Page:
ADAMH Partners with Columbus Metropolitan Library and Community Allies to Prevent Overdose Deaths - ADAMH Board of Franklin County %

ADAMH Partners with Columbus Metropolitan Library and Community Allies to Prevent Overdose Deaths

ADAMH Partners with Columbus Metropolitan Library and Community Allies to Prevent Overdose Deaths
Lifesaving Naloxone Kits Installed in Public Spaces

Dec. 9, 2021

Key locations in central Ohio will have additional access to naloxone, the lifesaving overdose reversal medication, available for community access through a collaboration between the Alcohol, Drug and Mental Health Board (ADAMH) of Franklin County, Columbus Metropolitan Library and additional partners.

This is in response to increasing overdoses in Franklin County where overdose deaths climbed 47 percent in 2020 to more than 800 deaths. With $242,442 of State Opioid Response Funds made available through the Ohio Department of Mental Health and Addiction Services, ADAMH is purchasing 150 NaloxBox kits and installing them in public spaces in zip codes experiencing higher numbers of overdoses.

“Many individuals in recovery from addiction are here today because they had another chance. Recovery is only possible if someone is still alive to take that step,” said ADAMH CEO Erika Clark Jones. “Columbus Metropolitan Library and other community partners are helping ADAMH save lives with this commitment to ensure naloxone is easily available in public spaces.”

“Right now, our communities are grappling with not one, but two deadly health crises,” said Columbus Metropolitan Library Chief Community Engagement Officer Donna Zuiderweg. “As a public library with 23 locations throughout Franklin County, we’re uniquely positioned to respond – and act – in the event of an overdose. We’re proud to be a partner.”

The first NaloxBox kits are being installed in locations at Columbus Metropolitan Library branches, Columbus Recreation and Parks community centers and St. Stephen’s Community House. The kits currently are available at 12 library locations – with plans to install them at the remaining 11 locations in the coming months. They will be available at the community centers by the end of December. Additionally, ADAMH is working with community partners to install an additional 100 NaloxBox kits in zip codes with high incidents of overdoses in the first quarter of 2022. (2021 NaloxBox initial locations)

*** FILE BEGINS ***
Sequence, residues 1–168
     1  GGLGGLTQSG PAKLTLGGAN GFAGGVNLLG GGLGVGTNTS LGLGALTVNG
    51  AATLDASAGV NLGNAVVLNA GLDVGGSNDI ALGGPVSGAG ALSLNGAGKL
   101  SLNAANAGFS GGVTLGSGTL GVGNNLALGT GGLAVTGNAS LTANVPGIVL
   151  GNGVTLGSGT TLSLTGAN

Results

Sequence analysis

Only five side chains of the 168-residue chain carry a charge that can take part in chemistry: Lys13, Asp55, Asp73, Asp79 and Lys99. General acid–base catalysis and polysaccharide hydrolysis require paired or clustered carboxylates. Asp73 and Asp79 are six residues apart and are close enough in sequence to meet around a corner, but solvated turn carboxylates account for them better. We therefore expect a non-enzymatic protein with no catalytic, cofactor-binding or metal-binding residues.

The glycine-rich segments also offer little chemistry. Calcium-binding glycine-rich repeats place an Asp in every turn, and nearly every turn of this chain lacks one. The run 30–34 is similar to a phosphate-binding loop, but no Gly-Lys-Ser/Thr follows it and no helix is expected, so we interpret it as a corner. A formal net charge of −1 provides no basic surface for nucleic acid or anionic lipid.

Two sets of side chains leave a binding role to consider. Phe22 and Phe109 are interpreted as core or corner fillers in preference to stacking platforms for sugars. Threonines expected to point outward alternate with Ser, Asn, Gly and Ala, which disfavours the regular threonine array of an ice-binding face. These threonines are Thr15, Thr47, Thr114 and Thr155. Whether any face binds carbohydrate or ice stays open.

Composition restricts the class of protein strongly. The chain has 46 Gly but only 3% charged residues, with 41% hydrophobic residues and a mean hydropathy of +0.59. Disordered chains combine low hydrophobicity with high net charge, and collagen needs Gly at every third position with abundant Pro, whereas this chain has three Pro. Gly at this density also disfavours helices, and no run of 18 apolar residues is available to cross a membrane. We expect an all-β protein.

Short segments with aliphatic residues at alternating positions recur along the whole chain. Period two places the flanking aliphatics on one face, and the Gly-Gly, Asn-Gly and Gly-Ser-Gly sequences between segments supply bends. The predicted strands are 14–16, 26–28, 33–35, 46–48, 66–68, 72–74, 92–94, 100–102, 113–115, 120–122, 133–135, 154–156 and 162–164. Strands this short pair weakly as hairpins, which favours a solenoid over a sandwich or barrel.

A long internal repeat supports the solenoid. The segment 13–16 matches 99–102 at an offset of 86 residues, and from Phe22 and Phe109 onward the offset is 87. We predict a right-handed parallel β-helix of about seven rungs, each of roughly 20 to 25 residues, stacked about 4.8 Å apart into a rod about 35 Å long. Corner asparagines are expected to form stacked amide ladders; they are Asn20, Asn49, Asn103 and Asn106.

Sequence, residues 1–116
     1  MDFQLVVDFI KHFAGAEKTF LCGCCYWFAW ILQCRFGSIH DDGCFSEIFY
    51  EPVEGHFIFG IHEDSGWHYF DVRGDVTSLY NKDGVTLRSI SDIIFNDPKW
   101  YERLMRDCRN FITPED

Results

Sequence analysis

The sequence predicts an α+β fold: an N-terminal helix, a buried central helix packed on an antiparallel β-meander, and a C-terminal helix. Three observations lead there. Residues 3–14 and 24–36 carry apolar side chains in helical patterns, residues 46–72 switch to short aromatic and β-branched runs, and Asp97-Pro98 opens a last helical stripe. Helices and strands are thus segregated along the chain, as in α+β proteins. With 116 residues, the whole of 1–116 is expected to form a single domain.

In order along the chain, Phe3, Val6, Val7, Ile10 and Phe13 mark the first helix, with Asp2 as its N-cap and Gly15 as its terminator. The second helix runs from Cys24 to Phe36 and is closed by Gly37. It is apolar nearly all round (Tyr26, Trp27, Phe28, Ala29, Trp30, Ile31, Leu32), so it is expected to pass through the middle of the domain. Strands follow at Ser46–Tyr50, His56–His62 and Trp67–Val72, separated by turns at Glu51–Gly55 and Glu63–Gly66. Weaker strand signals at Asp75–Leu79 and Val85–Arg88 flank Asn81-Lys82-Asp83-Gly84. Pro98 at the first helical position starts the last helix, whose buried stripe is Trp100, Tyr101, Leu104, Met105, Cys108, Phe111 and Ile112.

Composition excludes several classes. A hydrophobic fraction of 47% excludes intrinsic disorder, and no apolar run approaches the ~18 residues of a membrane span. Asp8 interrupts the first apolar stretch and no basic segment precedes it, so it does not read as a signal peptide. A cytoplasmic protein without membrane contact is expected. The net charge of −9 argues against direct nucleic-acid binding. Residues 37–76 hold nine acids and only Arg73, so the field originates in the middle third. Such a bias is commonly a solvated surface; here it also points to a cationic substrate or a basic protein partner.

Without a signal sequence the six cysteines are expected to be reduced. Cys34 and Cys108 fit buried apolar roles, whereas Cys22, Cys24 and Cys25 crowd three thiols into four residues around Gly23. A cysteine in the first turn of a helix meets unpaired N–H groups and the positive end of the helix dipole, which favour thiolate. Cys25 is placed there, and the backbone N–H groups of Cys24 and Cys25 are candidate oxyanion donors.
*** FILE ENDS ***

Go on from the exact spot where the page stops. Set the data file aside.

Each NaloxBox contains:

  • One clear UV-stabilized box
  • Two doses of naloxone (nasal spray)
  • An English/Spanish instructional guide
  • A QR code linking to a page on the ADAMH website that includes a naloxone administration instructional video and resources for someone looking to start recovery
  • One Rescue breathing barrier device
  • Ties to close and open the NaloxBox

Naloxone is a medicine that rapidly reverses an opioid overdose and is easy to administer. Naloxone only works on overdoses caused by opioids. This family of drugs includes prescription painkillers like OxyContin, fentanyl, methadone, and Vicodin, as well as illicit drugs like heroin. Naloxone will not reverse overdose resulting from non-opioid drugs, like cocaine, benzodiazepines (“benzos”), or alcohol.

Given how safe naloxone is, a victim of a non-opioid overdose, or an overdose caused by a mixture of drugs will not be harmed by naloxone. In multiple drug overdoses (e.g., an opioid and a benzodiazepine) it is still worth administering naloxone as it will remove the effects of the opioid and may still reverse the overdose.

Funding for this project was made possible (in part) by the Ohio State Opioid Response (SOR) - 1H79TI083294-01 grant from SAMHSA. The views expressed in written conference materials or publications and by speakers and moderators do not necessarily reflect the official policies of the Department of Health and Human Services; nor does mention of trade names, commercial practices, or organizations imply endorsement by the U.S. Government.


Franklin County residents can request personal supplies of naloxone through Columbus Public Health or Franklin County Public Health.

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